And now we have clarified why it is that Workers’ Unity has sought to attack so scathingly an article which they have read so superficially, an article which was written in order to struggle against the liquidationism which they at the time were championing. We have clarified why it was such a “serious omission” that that article did not “assure” the central importance of trade-union practice, and such a “serious error” that that article did not refer to trade-union practice as “revolutionary practice” or “class struggle”. We have clarified why Workers’ Unity chose to publish their attack without any ideological struggle with its authors, despite the possibility that such struggle might have strengthened their own position and heightened their own ideological and political development. We have clarified why Workers’ Unity refused to meet with two Marxist-Leninists once those Marxist-Leninists proved to them in writing that building the party was the central task.
The reason is that Workers’ Unity, in bowing to spontaneity, inevitably “belittles the conscious element”. They have so cringed in fear of ideological struggle, and so slinked away with their tails between their legs from open political confrontation, that they would sooner parade their own semi-literacy, misinterpret an article which they are attacking, and run headlong into Lenin over and over again, rather than have one meeting on building the party with Canada’s “serious ’left’ deviation”.
Workers’ Unity continues to be an outstanding example of the world-historic trend known as “Economism”. Their belittling of the role of ideology is proved in their theory and in their practice. Their worship of the trade-union struggle is their downfall. Their politics must be defeated if the party is to be built. This is the lesson of WHAT IS TO BE DONE. Lenin says: “We can make no progress until we finally put an end to this period.” (WHAT IS TO BE DONE, Peking, p. 5)
As dealt with by the Bolshevik Union in “The Whole Is Equal to the Sum of Its Parts,” Workers’ Unity published this article in the wake of their refusing, for a full year, to engage in any ideological struggle with Stover and Perri on the subject of building the party, despite repeated requests made to them to engage in such struggle. Workers’ Unity has also subsequently refused even one meeting with Stover and Perri to struggle over their position as published and to discuss the response Stover and Perri planned to make to the criticism. And yet, they put forward in their article that their criticism was advanced in the “spirit of ’unity/criticism/unity’ ”.
We will be showing that the reason that they have refused to engage in any such struggle is that their previous politics – that is, that it is in fact the “ultra-left” which is the main danger – are in reality unchanged.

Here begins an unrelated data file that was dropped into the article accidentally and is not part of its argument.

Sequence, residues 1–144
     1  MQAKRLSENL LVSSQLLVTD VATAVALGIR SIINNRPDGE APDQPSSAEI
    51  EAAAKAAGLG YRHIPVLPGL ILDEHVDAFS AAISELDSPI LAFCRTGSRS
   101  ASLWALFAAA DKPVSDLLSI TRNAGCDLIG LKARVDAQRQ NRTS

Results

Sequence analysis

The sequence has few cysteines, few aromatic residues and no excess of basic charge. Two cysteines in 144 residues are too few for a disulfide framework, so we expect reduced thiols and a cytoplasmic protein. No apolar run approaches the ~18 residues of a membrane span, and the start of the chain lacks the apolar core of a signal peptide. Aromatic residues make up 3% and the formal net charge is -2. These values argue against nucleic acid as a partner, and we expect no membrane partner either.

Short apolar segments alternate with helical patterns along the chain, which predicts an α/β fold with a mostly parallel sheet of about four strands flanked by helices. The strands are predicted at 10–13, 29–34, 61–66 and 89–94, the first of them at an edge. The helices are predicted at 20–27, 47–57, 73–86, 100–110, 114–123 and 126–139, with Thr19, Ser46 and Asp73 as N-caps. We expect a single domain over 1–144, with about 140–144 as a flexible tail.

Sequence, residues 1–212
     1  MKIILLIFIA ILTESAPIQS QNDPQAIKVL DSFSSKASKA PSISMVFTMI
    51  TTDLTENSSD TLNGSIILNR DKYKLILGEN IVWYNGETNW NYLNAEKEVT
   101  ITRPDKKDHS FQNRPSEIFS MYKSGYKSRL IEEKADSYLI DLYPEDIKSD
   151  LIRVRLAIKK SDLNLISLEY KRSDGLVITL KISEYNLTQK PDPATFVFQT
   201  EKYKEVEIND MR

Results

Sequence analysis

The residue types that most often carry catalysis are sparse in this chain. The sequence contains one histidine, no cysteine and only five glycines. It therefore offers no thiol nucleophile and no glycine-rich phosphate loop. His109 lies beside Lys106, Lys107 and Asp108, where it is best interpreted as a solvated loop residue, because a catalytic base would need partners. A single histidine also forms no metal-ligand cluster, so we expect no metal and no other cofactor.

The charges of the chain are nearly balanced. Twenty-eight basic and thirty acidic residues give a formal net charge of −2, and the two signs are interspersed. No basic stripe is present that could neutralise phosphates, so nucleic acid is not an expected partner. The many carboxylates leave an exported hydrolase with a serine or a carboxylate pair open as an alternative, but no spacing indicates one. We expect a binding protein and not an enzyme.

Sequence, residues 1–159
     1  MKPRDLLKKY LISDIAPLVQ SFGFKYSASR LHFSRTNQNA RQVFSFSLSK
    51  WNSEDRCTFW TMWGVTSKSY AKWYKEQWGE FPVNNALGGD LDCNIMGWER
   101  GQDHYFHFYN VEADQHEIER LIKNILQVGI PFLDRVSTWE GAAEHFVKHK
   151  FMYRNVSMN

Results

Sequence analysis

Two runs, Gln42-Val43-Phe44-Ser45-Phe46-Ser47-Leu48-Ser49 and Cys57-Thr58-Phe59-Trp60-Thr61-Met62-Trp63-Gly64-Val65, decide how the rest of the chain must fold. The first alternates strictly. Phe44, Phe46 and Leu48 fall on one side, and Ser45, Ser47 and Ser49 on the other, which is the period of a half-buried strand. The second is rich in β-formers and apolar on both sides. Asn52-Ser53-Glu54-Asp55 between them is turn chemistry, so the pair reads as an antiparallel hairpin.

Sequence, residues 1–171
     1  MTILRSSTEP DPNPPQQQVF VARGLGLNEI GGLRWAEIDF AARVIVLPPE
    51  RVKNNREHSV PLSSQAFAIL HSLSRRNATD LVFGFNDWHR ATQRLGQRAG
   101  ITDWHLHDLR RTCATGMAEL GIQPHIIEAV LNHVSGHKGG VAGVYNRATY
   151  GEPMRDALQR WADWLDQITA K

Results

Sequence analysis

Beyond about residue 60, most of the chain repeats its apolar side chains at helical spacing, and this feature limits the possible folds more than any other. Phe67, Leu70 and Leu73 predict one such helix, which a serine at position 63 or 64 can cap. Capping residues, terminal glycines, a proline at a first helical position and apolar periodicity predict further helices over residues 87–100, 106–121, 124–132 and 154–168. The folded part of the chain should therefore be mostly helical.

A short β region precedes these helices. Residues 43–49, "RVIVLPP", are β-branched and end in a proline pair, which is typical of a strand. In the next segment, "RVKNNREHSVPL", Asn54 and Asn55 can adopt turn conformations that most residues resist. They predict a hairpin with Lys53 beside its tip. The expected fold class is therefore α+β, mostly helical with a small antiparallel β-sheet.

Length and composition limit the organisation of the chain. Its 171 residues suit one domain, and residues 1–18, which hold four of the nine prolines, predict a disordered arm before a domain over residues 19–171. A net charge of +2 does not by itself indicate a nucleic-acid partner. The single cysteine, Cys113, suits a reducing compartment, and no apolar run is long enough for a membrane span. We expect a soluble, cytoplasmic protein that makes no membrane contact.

In this connection. Stover and Perri are self-critical for this same error: that is, not mentioning any right-opportunists by name in their position. This was done, again as dealt with in “The Whole Is Equal to the Sum of Its Parts”, as a liberal concession to Workers’ Unity, which refused to allow their position paper to be quoted and in fact made this question a question of principle. (Another fine example of Workers’ Unity’s “spirit of ’unity/criticism/unity’ ” and “desire for unity”.) Bowing to backwardness, Stover and Perri therefore generalized about right-opportunism in our movement and protected these opportunists from exposure, an error which weakened their position. Thus the “left” dogmatists, who had themselves contributed to the struggle against Economism in our movement and who were principled enough to be willing to be held accountable for their politics, were the only ones who were quoted by name in the Stover-Perri position.
The authors do deal briefly in that article with “a correct program of propaganda and agitation”, in their position that there should be a Canada-wide Communist newspaper.
Workers’ Unity claims that ”our incorrect positions have been ’substantiated’ by the selective use of quotations“ (p. 48 c. 2), and makes the same claim earlier (p. 8, c. 2). The fact is that, to the best of our knowledge, Workers! Unity had written – before the advent of Canadian Revolution – exactly ONE position paper. That paper, the one referred to in this article, contained two very short quotations, one of which was from Lenin and one of which was from a REVISIONIST source. This is Workers’ Unity’s history of finding “enough quotes to justify our errors using this method.” We can only assume that Workers’ Unity is using this phony “self-criticism” as a weapon to attack those who learn their politics from the literature of Marxism-Leninism instead of from their “actual experience in the mass struggles”.